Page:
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Comcast Fee May Lead To Roadblock For Netflix

Stevee Jo Eads |
November 30, 2010 | 3:10 p.m. PST

Staff Reporter

Netflix (Creative Commons)
Netflix (Creative Commons)
Comcast competitors are outraged as it puts a new regulation demanding higher fees in order to stream Netflix videos. 

The fee would particulary hit Level 3 Communications, a content delivery network that delivers Netflix videos from their server to your computer. The company will essentially be forced to pay Comcast a fee in order to stream its videos, which competitors believe is an extreme abuse of power because it will push people to use Comcast instead of Netflix. 

Comcast argues that this new fee is necessary because the online movies and other videos streamed over the network have tremendously increased, which is causing more Internet traffic. 

Level 3 says that charging a fee would violate Federal Communications Commissions guidelines.

“By taking this action, Comcast is effectively putting up a toll booth at the borders of its broadband Internet access network, enabling it to unilaterally decide how much to charge for content which competes with its own cable TV and Xfinity delivered content. This action by Comcast threatens the open Internet and is a clear abuse of the dominant control that Comcast exerts in broadband access markets as the nation’s largest cable provider,” said Thomas Stortz, Level 3's chief legal officer.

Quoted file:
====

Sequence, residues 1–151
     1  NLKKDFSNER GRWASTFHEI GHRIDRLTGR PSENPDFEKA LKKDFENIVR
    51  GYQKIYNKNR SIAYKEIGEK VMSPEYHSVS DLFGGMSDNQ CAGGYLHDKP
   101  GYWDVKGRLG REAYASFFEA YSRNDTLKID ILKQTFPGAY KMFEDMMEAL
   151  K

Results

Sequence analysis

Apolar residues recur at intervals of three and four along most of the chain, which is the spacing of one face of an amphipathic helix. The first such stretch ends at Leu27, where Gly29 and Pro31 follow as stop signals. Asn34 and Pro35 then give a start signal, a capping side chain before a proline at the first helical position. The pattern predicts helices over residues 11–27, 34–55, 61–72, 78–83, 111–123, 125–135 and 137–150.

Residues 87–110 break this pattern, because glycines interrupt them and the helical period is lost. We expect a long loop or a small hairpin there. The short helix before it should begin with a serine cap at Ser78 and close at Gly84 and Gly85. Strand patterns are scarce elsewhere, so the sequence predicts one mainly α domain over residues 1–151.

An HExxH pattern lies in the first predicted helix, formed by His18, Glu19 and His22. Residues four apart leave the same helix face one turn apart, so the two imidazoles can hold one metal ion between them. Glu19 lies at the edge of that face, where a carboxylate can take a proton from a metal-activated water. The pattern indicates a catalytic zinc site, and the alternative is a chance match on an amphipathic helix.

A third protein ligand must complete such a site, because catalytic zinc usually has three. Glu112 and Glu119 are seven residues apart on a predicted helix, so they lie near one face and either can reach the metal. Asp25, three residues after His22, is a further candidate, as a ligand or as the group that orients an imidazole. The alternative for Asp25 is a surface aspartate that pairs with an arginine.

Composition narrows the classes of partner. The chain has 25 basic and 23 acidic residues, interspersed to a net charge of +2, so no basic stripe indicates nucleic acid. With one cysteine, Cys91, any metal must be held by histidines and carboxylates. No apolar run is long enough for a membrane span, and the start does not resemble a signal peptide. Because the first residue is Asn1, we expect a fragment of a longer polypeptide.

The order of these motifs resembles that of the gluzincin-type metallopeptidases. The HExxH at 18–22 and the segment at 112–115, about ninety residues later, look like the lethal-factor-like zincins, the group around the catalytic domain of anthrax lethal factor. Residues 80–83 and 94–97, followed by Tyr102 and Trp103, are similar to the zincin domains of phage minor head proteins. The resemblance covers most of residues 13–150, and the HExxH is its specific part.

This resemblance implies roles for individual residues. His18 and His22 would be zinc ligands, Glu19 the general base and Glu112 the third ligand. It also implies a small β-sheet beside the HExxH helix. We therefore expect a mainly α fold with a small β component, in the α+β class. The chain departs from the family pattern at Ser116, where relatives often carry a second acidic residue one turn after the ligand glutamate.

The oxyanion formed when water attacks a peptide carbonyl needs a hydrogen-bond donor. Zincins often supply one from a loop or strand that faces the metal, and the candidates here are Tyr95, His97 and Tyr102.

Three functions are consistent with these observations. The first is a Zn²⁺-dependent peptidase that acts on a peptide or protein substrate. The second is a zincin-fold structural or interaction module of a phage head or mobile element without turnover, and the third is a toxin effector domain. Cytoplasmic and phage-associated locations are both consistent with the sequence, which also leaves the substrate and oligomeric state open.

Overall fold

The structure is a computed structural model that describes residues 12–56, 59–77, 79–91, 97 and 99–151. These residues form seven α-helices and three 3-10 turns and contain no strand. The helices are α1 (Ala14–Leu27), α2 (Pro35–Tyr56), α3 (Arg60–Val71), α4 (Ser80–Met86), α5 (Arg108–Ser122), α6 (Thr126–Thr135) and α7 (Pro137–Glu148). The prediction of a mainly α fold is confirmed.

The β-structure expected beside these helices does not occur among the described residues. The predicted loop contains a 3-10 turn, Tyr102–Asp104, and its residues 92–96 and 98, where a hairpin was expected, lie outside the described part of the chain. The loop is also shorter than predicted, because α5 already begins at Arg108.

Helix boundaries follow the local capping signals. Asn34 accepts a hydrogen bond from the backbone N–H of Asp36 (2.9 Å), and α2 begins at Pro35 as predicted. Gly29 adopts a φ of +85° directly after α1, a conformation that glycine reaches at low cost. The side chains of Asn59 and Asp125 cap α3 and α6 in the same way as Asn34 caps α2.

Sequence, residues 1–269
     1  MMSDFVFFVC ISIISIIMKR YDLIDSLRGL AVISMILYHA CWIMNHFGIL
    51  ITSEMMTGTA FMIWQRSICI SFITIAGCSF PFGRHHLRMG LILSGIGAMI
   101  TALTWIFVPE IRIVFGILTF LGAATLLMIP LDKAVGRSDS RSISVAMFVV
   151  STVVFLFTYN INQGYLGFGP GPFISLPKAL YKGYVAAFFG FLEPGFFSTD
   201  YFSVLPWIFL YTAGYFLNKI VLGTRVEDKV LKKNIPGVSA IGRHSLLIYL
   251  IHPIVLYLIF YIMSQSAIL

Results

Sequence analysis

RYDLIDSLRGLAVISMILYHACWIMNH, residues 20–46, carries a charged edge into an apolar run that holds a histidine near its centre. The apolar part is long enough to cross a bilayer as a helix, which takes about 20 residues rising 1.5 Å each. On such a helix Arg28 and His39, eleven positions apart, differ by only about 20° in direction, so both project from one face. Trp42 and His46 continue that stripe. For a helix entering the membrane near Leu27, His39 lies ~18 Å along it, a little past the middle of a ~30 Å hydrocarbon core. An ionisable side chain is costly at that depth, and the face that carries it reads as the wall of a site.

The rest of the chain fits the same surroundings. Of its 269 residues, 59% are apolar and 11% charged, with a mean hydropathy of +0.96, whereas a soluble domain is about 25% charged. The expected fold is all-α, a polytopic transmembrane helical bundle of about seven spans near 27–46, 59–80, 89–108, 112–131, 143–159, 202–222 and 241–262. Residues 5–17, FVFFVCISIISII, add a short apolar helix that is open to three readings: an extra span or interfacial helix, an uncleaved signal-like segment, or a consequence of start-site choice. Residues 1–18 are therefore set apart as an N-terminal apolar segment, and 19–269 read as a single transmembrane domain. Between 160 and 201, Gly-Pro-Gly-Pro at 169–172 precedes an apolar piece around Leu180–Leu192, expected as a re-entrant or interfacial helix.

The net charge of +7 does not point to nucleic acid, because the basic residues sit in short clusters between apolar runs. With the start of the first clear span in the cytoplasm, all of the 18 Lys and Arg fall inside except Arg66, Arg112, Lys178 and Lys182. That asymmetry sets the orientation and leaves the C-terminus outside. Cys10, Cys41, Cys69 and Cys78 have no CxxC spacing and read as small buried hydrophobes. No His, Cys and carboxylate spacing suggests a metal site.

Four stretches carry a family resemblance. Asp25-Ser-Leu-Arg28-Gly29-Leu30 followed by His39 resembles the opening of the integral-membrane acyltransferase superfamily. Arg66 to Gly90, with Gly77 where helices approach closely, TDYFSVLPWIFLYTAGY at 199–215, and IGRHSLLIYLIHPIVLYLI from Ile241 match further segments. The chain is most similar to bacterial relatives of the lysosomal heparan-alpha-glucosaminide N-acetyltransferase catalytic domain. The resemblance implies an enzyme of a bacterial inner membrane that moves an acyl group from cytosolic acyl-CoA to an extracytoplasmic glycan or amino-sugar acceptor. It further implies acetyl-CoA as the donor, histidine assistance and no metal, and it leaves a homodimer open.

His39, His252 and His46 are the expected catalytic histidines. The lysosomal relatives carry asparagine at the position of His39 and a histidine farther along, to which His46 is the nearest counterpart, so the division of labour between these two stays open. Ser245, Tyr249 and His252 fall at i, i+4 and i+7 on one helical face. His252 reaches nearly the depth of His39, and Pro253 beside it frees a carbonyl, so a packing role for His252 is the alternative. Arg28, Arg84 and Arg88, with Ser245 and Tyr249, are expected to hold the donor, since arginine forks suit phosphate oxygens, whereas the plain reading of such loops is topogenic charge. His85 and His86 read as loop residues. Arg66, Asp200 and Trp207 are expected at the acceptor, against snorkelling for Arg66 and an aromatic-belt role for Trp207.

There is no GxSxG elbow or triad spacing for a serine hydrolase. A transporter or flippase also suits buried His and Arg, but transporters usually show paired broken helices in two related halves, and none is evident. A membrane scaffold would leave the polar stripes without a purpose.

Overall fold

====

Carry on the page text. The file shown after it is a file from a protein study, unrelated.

There are currently more than 16.7 million Comcast users, which the company argues is not a fair deal. 

"What Level 3 wants is to pressure Comcast into accepting more than a twofold increase in the amount of traffic Level 3 delivers onto Comcast's network— for free," said Vice President of Comcast, Joe Waz.

More than 60,000 people have already signed a petition in opposition to this new fee, which will be sent to the FCC this week. 

Although Level 3 has agreed to pay the fees for now, corporations are waiting to hear if FCC Chairman Julius Genachowski will announce whether or not he will protect the plan that would prohibit corporations like Comcast to do this. 

Reach reporter Stevee Jo Eads here. 



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